When he called out the sheep he let them go at once to the lake, and when the sheep arrived at the lake, they immediately spread round it, and the prince placed the falcon on a stump, and the hounds and bagpipes under the stump, then tucked up his hose and sleeves, waded into the lake, and began to shout: "Dragon, dragon! come out to single combat with me to-day that we may measure ourselves together, unless you're a woman." The dragon called out in reply, "I will do so now, prince—now!" Erelong behold the dragon! it is large, it is terrible, it is disgusting! When the dragon came out, it seized him by the waist, and they wrestled a summer day till afternoon. But when the heat of afternoon came on, the dragon said: "Let me go, prince, that I may moisten my parched head in the lake, and toss you to the sky." But the prince replied: "Come, dragon, don't talk nonsense; if I had the emperor's daughter to kiss me on the forehead, I would toss you still higher." Thereupon, the dragon suddenly let him go, and went off into the lake.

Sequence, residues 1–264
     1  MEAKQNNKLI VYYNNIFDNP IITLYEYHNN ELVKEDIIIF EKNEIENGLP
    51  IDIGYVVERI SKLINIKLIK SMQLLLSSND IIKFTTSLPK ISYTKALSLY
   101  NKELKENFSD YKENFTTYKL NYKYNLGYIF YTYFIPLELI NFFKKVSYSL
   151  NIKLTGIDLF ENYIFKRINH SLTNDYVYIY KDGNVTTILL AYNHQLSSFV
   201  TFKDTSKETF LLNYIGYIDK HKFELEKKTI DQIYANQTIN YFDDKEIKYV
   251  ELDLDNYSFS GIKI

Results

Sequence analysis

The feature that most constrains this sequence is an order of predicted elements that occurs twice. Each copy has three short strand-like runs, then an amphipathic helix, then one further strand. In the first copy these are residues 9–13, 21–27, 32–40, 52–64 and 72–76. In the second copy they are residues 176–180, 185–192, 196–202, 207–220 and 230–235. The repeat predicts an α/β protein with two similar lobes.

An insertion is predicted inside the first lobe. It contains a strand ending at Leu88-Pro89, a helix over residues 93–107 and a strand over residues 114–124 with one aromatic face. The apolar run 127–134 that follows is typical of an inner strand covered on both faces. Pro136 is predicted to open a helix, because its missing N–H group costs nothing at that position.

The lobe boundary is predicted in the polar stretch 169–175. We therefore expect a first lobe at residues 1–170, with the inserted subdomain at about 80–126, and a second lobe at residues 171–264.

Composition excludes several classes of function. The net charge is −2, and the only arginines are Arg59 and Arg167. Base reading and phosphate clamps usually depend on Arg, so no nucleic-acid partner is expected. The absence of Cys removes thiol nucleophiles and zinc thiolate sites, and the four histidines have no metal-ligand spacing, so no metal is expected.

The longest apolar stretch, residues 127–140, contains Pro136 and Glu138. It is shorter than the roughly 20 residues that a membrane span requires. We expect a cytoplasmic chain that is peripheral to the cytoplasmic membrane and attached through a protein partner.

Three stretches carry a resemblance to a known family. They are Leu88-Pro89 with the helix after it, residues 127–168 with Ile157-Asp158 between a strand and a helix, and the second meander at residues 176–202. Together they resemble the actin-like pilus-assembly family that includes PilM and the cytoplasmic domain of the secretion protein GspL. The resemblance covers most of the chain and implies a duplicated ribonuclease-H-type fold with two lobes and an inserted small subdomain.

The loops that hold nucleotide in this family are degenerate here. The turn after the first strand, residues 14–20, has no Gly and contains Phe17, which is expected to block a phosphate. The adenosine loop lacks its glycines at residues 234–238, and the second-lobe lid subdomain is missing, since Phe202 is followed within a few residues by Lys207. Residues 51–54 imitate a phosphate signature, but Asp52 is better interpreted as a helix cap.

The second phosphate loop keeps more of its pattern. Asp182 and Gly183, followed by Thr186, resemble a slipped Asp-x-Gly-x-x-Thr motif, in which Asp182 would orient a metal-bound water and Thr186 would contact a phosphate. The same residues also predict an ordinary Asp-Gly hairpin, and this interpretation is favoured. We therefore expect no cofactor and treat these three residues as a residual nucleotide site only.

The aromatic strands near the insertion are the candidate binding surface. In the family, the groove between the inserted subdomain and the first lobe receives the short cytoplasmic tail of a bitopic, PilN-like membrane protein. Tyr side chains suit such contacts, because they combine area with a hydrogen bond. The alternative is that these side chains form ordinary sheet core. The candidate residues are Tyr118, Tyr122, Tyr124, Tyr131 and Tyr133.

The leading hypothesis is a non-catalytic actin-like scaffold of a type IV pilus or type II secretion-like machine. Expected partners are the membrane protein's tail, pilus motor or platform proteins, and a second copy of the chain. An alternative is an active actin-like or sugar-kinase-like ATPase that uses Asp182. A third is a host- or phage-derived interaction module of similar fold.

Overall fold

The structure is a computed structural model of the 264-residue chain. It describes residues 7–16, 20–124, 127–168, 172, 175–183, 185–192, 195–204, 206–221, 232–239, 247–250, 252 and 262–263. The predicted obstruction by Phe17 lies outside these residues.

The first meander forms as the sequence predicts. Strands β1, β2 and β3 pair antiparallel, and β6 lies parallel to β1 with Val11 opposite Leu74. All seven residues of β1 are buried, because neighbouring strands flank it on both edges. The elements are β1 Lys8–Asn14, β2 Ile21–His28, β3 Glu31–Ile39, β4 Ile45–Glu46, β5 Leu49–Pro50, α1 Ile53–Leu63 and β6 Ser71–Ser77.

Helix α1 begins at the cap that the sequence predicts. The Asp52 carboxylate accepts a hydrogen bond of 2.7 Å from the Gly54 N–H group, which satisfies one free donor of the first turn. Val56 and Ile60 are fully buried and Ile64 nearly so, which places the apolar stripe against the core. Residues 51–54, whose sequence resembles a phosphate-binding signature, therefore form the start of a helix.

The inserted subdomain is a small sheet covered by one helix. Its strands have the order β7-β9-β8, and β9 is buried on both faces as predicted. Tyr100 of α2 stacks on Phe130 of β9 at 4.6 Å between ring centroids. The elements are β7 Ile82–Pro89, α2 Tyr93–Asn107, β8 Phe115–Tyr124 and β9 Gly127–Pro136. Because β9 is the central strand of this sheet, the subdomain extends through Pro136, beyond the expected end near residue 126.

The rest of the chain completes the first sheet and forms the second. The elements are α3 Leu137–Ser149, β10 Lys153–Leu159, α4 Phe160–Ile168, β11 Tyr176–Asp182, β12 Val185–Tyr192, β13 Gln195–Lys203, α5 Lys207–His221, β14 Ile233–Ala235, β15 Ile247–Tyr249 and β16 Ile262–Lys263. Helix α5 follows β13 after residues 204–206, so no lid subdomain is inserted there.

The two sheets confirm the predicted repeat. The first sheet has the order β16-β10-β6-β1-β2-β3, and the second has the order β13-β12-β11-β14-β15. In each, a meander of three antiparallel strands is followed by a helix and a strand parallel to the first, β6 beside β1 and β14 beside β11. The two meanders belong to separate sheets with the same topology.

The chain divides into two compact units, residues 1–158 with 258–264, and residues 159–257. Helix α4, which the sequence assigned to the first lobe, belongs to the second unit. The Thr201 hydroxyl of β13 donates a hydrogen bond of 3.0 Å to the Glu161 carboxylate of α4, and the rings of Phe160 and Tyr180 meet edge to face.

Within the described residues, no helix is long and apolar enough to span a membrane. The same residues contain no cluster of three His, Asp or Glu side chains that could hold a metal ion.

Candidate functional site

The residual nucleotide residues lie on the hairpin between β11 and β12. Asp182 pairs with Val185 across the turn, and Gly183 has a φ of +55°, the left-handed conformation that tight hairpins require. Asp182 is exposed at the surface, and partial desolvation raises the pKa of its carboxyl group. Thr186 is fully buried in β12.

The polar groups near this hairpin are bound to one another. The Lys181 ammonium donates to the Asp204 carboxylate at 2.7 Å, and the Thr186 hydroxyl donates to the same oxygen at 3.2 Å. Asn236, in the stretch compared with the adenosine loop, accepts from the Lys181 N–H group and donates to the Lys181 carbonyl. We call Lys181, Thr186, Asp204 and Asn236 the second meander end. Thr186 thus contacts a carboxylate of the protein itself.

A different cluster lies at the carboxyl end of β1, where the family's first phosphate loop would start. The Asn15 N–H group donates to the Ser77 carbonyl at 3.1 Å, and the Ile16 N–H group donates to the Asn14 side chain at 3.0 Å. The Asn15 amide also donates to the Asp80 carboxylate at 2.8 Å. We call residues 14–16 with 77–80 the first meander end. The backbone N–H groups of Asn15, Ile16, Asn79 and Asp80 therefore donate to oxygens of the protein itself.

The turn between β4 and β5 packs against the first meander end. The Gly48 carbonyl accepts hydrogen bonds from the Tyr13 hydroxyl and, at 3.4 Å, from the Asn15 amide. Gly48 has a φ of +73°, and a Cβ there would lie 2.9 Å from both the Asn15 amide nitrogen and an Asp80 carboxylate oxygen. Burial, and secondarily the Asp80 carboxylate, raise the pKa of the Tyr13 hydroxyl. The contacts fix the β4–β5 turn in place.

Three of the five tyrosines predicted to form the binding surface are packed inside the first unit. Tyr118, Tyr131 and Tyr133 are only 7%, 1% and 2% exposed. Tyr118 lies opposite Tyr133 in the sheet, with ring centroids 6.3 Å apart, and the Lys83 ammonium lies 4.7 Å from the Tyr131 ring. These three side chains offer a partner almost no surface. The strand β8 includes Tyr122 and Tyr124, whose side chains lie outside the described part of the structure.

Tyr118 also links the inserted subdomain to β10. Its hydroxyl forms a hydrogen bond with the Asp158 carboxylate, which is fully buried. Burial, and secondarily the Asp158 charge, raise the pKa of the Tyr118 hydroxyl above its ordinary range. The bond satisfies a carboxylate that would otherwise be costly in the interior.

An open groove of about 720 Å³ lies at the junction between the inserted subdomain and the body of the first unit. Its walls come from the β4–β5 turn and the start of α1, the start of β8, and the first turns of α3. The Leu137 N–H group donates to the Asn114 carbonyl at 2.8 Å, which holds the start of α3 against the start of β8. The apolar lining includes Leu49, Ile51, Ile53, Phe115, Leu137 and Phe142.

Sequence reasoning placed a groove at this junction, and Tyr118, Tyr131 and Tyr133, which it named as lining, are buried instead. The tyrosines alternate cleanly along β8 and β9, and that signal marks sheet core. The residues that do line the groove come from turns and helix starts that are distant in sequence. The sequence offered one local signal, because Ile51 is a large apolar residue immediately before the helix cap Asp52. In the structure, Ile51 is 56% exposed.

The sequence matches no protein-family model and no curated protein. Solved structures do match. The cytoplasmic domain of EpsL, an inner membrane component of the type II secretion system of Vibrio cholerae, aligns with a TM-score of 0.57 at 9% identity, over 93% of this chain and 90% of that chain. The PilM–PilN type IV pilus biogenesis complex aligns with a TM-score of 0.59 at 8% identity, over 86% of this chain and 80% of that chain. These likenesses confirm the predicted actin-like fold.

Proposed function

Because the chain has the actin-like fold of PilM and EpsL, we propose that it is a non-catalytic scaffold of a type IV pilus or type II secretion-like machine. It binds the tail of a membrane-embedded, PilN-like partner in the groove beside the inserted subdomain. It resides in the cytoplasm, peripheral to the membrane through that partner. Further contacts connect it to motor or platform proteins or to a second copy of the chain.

On the approach of evening, he washed and got himself up nicely, placed the falcon on his arm, the hounds behind him, and the bagpipes under his arm, then drove the sheep and went into the town playing on the bagpipes.
      When he arrived at the town, the whole town assembled as to see a wondrous sight because he had come, whereas previously no shepherd had been able to come from the lake. The next day the prince got ready again, and went with his sheep straight to the lake.